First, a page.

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2/28/2012

How to Ship Lead Acid Batteries by Ground [49 CFR 173.159]

Transportation


If you ship lead acid batteries, you must comply with certain provisions of 49 CFR 172 and 49 CFR 173. Lead acid batteries are considered hazardous materials in transportation because the proper shipping name of "Batteries, wet, filled with acid" appears on the hazardous materials table (49 CFR 172.101) and this type of battery meets the definition of the DOT's hazard class 8 (corrosive). According to column 8 of the hazardous materials table, "Batteries, wet, filled with acid" must be packaged in accordance with 49 CFR 173.159.


49 CFR 173.159 requires that the batteries be packaged in such a way as to prevent a dangerous evolution of heat, short circuits, and damage to the battery terminals. When lead acid batteries are packed without other materials, 49 CFR 173.159 gives you a choice; you can use either specification and non-specification packaging.


Authorized specification packagings include: wooden boxes (4C1, 4C2, 4D, and 4F), fiberboard boxes (4G), plywood drums (1D), fiber drums (1G), plastic drums (1H2), plastic jerricans (3H2), or plastic boxes (4H2).


Authorized non-specification packagings include:

  • Firmly secured to skids or pallets capable of withstanding the shocks normally incident to transportation, provided that the height of the completed unit does not exceed 1.5 times the width of the skid/pallet; the unit can withstand without damage a superimposed weight equal to 2 times the weight of the unit (or 4,000 lb if the weight of the unit exceeds 2,000 lb); and the battery terminals must not be relied upon to support any part of the superimposed weight and must not short out if contacted with a conductive material.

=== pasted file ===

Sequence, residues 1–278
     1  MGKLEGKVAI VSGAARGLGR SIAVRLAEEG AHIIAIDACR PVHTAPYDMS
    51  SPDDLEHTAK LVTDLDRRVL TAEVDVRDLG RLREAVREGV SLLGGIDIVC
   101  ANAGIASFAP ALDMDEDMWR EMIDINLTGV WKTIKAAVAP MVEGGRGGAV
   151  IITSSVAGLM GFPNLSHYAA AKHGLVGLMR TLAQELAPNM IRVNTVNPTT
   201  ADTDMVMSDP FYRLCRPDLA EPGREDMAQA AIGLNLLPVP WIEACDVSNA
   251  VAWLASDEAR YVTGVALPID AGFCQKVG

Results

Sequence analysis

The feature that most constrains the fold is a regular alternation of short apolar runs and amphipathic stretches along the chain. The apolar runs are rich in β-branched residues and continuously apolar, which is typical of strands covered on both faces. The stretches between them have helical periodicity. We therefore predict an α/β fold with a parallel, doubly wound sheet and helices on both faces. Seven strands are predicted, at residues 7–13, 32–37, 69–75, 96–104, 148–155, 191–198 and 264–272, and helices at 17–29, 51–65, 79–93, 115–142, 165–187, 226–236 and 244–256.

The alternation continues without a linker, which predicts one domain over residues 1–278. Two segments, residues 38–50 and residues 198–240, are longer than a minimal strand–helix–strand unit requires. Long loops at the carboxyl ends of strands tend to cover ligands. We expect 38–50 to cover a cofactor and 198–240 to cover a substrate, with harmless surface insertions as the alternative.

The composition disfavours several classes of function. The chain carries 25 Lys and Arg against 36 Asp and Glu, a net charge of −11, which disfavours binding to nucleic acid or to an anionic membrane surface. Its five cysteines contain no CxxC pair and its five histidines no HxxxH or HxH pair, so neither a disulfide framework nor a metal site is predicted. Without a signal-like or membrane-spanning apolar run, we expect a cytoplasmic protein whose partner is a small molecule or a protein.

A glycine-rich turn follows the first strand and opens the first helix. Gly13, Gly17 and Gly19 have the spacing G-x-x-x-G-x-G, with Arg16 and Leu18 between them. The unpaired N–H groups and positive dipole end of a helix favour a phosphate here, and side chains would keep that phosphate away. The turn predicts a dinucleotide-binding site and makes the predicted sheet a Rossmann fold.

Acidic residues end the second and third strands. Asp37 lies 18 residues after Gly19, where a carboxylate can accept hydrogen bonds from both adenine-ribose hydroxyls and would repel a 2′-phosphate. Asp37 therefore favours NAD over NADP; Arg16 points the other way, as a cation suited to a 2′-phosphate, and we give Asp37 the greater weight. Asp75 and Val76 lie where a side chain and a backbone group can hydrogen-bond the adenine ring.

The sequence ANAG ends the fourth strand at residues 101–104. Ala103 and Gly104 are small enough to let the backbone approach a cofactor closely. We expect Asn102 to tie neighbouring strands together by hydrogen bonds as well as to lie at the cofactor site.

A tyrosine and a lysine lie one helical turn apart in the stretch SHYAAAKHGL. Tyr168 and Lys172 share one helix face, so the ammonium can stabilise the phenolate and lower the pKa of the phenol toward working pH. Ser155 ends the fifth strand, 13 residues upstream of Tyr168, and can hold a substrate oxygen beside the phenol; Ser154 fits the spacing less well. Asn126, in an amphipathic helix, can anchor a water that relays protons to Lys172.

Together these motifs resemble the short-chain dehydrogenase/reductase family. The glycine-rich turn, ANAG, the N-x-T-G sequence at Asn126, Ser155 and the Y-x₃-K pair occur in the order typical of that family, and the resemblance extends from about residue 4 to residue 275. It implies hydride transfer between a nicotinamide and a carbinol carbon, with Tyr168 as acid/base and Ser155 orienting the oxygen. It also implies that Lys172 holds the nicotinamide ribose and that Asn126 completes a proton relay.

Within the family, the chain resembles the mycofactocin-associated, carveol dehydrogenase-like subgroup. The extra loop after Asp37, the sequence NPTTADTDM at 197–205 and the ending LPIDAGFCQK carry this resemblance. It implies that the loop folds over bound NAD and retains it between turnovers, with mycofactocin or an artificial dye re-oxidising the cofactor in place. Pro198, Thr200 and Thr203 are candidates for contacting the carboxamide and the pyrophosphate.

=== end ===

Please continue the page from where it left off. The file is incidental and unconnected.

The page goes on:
• Batteries weighing 500 lb of more consisting of carrier's equipment may be shipped by rail when mounted on suitable skids, provided they are not offered for interchange service.
  • One to three batteries (not over 25 lb each) may be packed in strong outer boxes with a maximum gross weight of 75 lb.
  • Not more than four batteries (not over 15 lb each) may be packaged in strong outer fiberboard or wooden boxes with a maximum gross weight of 65 lb.
  • Not more than five batteries (not over 10 lb each) may be packaged in strong outer fiberboard or wooden boxes with a maximum gross weight of 65 lb.
  • Single batteries not exceeding 75 lb each may be packed in 5-sided slip covers or completely closed fiberboard boxes, provided the slip covers or boxes meet the requirements specified within 49 CFR 173.159(d)(6).
  • Single batteries exceeding 75 lb each may be packed in completely closed fiberboard boxes, provided the boxes meet the requirements specified in 49 CFR 173.159(d)(7).

When packaged in accordance with 49 CFR 173.159 and transported by highway or rail, lead acid batteries are not subject to any other DOT requirements if all of the following conditions are met:

  • There are no other hazardous materials in the same vehicle.
  • The batteries are loaded or braced to prevent damage and short circuits.
  • Any other material loaded in the vehicle must be blocked, braced, or otherwise secured to prevent contact with or damage to the batteries.
  • The vehicle carries material offered only by the battery shipper.

To help ensure that your hazardous materials are shipped properly, attend Environmental Resource Center's DOT Hazardous Materials Training: The Complete Course or the DOT Hazardous Materials Training: The Complete Course - Webcast.